The Telegraph reported on Sunday that a research team has produced dozens of embryos cloned from an adult monkey, something that had never before been accomplished. We've already cloned many other kinds of animals, like sheep, cats, and mules, but the most recent breakthrough suggests that human cloning might be just around the corner. So, what makes cloning people so hard?
The process of finding human eggs. To clone an animal, scientists need two cells: an egg and a donor cell. Scientists remove the nucleus from the egg and replace it with the one from the donor cell. For the animals we know how to clone, it can take 100 or more tries—and just as many egg cells—to complete the procedure. To develop the technology for a new species, like humans, there could be even more trial and error. That's not a problem if egg cells are easy to find. Scientists can procure cow ovaries, for instance, from slaughterhouses: A bucket of 100 ovaries can yield 1,000 eggs. To get human cells, they'd have to find women who are willing to undergo about a month of hormone treatments and then surgery to extract the eggs. Sure, women who are egg donors already do this, but it's not volunteer work—compensation can go as high as $35,000. So far, researchers haven't had enough human egg cells on hand to produce a successful clone.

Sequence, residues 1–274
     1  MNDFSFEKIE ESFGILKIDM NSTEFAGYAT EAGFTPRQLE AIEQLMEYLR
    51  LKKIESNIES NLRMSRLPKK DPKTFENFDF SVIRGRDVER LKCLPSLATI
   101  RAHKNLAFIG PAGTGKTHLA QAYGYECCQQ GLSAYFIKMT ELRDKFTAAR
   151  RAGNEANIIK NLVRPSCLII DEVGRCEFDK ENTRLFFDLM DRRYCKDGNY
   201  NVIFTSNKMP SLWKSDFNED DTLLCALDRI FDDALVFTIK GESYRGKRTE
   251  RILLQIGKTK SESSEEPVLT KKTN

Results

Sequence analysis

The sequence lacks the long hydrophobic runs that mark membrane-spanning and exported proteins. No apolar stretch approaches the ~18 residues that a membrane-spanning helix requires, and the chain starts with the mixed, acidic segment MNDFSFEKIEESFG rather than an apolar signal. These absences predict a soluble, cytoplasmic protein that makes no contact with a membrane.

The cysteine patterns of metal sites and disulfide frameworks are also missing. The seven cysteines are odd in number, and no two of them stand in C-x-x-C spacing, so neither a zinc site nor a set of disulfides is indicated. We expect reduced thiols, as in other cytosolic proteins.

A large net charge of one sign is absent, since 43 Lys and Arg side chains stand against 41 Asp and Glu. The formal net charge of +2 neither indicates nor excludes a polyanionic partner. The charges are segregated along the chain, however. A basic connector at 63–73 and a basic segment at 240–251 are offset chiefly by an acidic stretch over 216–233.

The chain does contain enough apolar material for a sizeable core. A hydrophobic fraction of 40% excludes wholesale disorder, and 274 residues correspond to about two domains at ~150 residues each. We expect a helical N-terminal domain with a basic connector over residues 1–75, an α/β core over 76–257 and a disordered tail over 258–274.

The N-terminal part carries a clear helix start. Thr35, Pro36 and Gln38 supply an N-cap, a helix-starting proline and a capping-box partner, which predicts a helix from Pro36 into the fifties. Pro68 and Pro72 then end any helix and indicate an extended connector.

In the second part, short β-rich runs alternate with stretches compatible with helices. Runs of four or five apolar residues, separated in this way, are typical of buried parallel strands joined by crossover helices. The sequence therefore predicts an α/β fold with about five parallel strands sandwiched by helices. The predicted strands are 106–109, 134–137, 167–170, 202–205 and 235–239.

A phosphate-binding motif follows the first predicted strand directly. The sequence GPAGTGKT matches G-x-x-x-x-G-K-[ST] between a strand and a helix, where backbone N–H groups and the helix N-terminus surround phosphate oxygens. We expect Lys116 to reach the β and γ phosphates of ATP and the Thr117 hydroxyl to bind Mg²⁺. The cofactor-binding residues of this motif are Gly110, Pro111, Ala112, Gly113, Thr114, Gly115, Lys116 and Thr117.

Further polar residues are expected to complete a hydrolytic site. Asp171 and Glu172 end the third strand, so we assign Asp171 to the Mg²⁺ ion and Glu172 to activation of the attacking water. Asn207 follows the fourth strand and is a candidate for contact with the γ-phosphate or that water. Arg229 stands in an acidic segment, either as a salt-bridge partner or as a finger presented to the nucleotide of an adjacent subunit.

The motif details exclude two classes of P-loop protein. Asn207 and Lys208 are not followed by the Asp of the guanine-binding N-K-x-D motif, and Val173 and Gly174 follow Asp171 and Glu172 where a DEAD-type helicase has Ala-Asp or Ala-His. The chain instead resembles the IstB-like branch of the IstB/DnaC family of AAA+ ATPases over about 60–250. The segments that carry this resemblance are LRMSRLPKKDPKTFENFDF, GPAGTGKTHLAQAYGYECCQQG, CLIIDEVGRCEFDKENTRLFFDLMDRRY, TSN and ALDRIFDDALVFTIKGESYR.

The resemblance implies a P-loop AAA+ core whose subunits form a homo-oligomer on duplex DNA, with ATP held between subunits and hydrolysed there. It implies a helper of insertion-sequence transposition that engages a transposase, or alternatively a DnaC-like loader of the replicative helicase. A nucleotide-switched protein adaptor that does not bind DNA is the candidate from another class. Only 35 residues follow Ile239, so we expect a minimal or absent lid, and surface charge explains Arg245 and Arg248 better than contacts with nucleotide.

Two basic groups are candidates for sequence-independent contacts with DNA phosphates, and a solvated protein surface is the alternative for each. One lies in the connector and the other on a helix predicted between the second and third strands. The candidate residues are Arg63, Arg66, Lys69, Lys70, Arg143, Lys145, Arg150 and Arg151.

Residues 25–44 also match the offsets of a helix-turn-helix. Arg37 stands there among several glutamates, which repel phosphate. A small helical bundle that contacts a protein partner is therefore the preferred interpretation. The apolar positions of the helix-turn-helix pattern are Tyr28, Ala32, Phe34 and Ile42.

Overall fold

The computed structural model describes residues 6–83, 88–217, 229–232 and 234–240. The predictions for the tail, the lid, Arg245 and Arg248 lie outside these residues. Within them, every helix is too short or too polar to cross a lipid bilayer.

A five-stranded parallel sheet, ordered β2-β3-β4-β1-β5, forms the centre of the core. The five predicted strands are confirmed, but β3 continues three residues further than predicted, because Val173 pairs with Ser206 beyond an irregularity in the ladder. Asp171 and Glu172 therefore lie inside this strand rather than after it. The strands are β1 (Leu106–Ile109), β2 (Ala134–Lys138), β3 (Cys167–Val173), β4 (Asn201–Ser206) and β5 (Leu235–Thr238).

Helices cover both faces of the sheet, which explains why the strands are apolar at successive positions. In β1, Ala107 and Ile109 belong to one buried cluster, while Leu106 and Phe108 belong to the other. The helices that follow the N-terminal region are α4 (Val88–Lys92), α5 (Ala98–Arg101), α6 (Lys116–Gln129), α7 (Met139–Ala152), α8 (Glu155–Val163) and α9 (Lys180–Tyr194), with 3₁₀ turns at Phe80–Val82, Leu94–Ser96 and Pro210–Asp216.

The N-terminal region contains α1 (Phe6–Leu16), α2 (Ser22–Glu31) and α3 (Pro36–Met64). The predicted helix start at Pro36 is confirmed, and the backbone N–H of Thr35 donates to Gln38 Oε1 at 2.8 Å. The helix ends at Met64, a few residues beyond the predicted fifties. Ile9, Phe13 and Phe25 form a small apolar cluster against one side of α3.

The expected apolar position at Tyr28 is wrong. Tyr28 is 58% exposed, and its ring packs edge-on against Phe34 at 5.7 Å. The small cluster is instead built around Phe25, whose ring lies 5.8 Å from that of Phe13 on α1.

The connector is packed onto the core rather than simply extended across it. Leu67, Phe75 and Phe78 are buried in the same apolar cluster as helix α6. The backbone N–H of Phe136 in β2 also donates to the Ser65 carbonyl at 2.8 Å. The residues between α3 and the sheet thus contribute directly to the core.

There might be some other kinks that could make human cloning more difficult, but no one knows for sure. (The South Korean lab that reported the creation of 11 embryo lines in 2005 fabricated much of their data.) Each animal poses its own specific problems that must be overcome: At first, pigs couldn't be cloned because their fatty egg cells appeared black under the microscope, and scientists couldn't locate the nuclei that needed to be removed. (Now there's a way to stain the nucleus and illuminate them with ultraviolet light.) The yolks of bird eggs also make it impossible to spot the nucleus, which is why no birds have ever been cloned. Dogs are especially tricky to clone because their eggs mature in the oviduct, not in the ovary, and scientists haven't figured out how to bring the eggs to maturity in the lab. Success rates can be as high as 50 percent for cows, but just 1 percent to 3 percent for mice.
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Explainer thanks Duane Kraemer of Texas A&M University, Alex Meissner of the Whitehead Institute, James Robl of Hematech, and Dirk Vanderwall of University of Idaho.